Some local authorities are already considering using mutuals to provide some ICT services. For example, the London Borough of Hammersmith & Fulham has become a Mutuals Pathfinder and proposed a pilot scheme with partners Kensington and Chelsea and Westminster to set up an employee-led mutual to deliver IT services to schools and the council, with the council planning to commission some services from the mutual for a four year period.  The scheme is due to get underway early next year.

Why corporate sustainability strategy is now part of the CFO’s role

By David Bicknell

The organisational politics around sustainability are an ongoing issue. So far the need for a  sustainability strategy has touched those responsible for corporate social responsibility (CSR),  marketing (because of the brand and reputation implications of Carbon Reduction Commitment (CRC) league tables) and IT and Facilities who are having to manage and measure energy usage.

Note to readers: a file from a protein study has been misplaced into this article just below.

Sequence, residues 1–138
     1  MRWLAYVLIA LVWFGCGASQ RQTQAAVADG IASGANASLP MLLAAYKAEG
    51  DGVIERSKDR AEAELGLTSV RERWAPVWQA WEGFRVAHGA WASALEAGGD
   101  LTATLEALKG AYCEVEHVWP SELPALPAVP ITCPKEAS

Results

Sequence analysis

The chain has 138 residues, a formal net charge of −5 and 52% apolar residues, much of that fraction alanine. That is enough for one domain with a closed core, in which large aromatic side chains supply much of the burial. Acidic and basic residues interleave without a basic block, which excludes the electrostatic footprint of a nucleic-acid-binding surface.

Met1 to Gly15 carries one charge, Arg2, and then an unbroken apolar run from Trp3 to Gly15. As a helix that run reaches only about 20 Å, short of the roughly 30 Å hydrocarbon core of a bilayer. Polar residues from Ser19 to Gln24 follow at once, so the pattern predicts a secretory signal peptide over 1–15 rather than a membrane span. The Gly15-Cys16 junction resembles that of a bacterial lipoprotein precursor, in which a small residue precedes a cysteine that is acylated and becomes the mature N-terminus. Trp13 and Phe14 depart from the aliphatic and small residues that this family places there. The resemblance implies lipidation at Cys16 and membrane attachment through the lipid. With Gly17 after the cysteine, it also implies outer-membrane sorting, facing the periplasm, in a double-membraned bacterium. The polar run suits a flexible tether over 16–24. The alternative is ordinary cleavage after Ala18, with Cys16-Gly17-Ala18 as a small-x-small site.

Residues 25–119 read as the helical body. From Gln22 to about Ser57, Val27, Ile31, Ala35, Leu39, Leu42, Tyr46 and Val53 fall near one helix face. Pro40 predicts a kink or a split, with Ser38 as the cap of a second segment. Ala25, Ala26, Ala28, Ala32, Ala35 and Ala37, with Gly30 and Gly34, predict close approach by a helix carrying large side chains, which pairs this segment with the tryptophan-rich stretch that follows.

Now, an Ernst & Young report recommends, it is the CFO’s turn to pick up the baton.  As this piece suggests, sustainability trends are shifting the role of the CFO in three key areas:

  • Investor relations:  “Shareholders are speaking much louder and much more stridently than they did just a few years ago.  During the 2011 proxy season, 40 percent of shareholder resolutions were related to ESG issues. And over a quarter of ESG-related resolutions gained a 30 percent “Yes” vote, which Ernst & Young describes as a critical threshold (other observers say anywhere from a 10 to 20 percent vote can motivate companies to rethink their policies).  Mutual fund companies are paying more attention to sustainability related issues, and the rating companies (which have received, ahem, a fair bit of scrutiny lately) are directing more focus towards ESG matters as well.  All this leads to a shift in the duties of companies’ investors relations staffs; and CFOs, according to Ernst & Young, will lend more than a few hands with the demands placed on IR departments.
  • External reporting:  More than 3000 multinationals issue sustainability (or CSR or ESG) reports, and many of these companies now provide more than static or trite glossy PDFs.  Companies including UPS, Timberland, and Microsoft are raising the bar in offering frankness while encouraging increased stakeholder engagement.  To that end, more companies are having their sustainability reporting audited by third parties (such as the Carbon Disclosure Project for carbon emissions performance).  And that experience with third party performance falls into the CFO’s lap because they know how to balance the challenges and opportunities that arise from third-party verification.